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There’s more than ‘foreign buyer bogeymen’ driving up Vancouver, Toronto home prices: BMO Add to ...

Behind the price surge

Bank of Montreal has jumped into the debate over house prices, saying there’s much more at play in Canada’s two hottest markets than just foreign buyers.

“It’s easy to blame the foreign buyer bogeymen for the home price gains in Vancouver and Toronto,” BMO Nesbitt Burns senior economist Robert Kavcic said in a research note that examined other factors feeding the markets.

“Sure, all anecdotes suggest they are playing a role in some neighbourhoods – we just don’t know exactly how big that role is,” he added.

“What we do know is that the fundamentals right here at home are strong enough on their own to drive big price gains.”

Home prices in Vancouver and Toronto have been on a tear, and the issue of foreign buyers is particularly heated in British Columbia.

So much so, The Globe and Mail’s Justine Hunter reports, that the provincial government will demand to know the citizenship of home buyers. There are also tax changes aimed at cooling segments of the market.

Mr. Kavcic cited three reasons why “it’s not just foreign buyers” fanning the flames in Vancouver and Toronto.

First, to twist the old phrase about real estate, it’s at least partly because of population, population, population.

As his chart shows, Mr. Kavcic cited the rise in the number of people deemed key first-time or move-up home buyers.

“At the same time, these two cities have accounted for 75 per cent of Canada’s net job growth over the past two years,” he added.

Indeed, according to the latest numbers from Statistics Canada, employment in Vancouver has climbed by 4.5 per cent in the past year, and in Toronto by almost 5 per cent.

Added to that is the age-old supply-and-demand question.

“Vancouver’s geography is well documented, but in Toronto, development restrictions contributed to 2015 seeing the lowest annual number of detached home completions in 37 years (and that’s not a population-adjusted number),” Mr. Kavcic said.

While Mr. Kavcic was referring to new homes, there’s a supply issue in the market for existing homes, as well.

Active listings in Toronto, for example, fell about 14 per cent in January from a year earlier, while new listings dropped 6.2 per cent.

Then there’s Vancouver, where listings plunged by almost 39 per cent in the same period, with new listings also down 6.2 per cent.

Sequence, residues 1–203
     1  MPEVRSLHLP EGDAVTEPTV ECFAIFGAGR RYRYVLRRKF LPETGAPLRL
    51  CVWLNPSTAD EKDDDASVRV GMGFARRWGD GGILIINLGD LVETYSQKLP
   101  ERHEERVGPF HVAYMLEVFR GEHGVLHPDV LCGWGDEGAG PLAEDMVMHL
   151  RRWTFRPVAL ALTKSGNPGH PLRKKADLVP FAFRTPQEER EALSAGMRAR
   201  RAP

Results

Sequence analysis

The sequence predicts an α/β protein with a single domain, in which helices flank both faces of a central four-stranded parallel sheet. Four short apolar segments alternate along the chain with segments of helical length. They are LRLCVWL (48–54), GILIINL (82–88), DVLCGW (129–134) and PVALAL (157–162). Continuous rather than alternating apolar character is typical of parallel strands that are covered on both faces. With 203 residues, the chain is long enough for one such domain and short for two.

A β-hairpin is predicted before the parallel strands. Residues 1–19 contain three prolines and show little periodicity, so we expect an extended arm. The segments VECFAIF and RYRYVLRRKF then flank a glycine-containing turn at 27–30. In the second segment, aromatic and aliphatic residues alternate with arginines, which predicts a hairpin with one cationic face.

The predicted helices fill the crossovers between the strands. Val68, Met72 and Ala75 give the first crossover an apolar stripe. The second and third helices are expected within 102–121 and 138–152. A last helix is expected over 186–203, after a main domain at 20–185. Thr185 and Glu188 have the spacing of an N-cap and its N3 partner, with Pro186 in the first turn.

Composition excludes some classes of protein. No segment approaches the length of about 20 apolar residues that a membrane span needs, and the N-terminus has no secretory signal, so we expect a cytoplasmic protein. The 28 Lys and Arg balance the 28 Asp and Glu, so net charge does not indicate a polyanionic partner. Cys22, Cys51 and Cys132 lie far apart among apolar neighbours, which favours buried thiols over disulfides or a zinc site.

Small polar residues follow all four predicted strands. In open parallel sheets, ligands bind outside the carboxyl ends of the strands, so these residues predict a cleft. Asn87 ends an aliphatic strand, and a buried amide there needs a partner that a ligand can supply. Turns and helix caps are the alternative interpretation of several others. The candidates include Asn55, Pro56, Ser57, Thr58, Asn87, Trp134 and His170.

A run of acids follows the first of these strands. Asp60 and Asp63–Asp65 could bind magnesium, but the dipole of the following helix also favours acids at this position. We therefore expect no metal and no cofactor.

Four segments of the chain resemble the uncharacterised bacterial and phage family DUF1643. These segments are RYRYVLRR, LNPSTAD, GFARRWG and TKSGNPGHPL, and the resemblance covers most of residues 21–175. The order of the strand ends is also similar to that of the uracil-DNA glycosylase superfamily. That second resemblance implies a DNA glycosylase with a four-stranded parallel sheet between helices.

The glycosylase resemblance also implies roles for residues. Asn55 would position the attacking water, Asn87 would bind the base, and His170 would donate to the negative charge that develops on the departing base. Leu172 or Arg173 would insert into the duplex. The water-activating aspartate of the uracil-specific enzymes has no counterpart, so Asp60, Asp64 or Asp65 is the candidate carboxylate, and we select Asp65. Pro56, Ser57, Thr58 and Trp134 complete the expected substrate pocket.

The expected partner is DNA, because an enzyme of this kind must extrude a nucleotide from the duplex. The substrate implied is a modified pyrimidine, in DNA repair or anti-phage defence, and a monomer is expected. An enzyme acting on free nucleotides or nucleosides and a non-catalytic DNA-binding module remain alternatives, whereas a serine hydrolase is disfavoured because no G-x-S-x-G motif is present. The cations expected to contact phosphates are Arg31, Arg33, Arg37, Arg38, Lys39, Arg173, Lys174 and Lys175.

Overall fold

And, finally, financing is dirt cheap.

“Demand is robust, supply is constrained, and those two forces are butting up against each other in a record-low interest rate environment,” Mr. Kavcic said.

“A five-year mortgage is barely above the expected long-run inflation rate. The longer this lasts, the hotter these markets will burn.”

Scenes I'd love to see ...

“Forgive me, Father. I forgot who ‘thine’ referred to.”

“Forgive me, Father. George W. is my brother.”

“I was born in Canada.”


Photo illustrations

Inflation climbs

It seems we’re buying less and paying more, particularly for food.

Annual inflation in Canada climbed in January to 2 per cent from December’s 1.6 per cent as food prices rose 4 per cent.

And note this: Costs for fresh vegetables, a concern in Canada as import prices rise as the loonie sinks, surged 18.2 per cent.

There’s another measure, too, according to Statistics Canada today, that takes in cauliflower, broccoli, celery and peppers, which soared almost 23 per cent.

At the same time, Statistics Canada also reported today that shoppers pulled back in December, with retail sales slumping 2.2 per cent amid broad-based declines.

“Later snowfalls and unseasonably warm weather in many parts of Canada may have contributed to lower seasonal purchases.”

Toonie turns 20

Canada’s two-dollar coin is 20 years old today. (And it’s worth just $1.45 U.S.)

The bi-metallic piece is known as the toonie, a takeoff on the loonie, the country’s one-dollar coin.

Almost 885 million toonies have been circulated since early 1996, the Royal Canadian Mint said.

Chart of the day

Canadian businesses are an unhappy lot.

The Conference Board of Canada’s index of business confidence tumbled 1.5 points to 86.6 in the fourth quarter of last year. That, the group said, was nothing compared to the drop to 88.1 in the third quarter from the previous measure of 105.6.

“Optimism about the state of the Canadian economy is at the lowest level since the 2008 recession, having deteriorated substantially over the last several quarters,” The Conference Board noted.

Attractive men beware: Your looks could cost you

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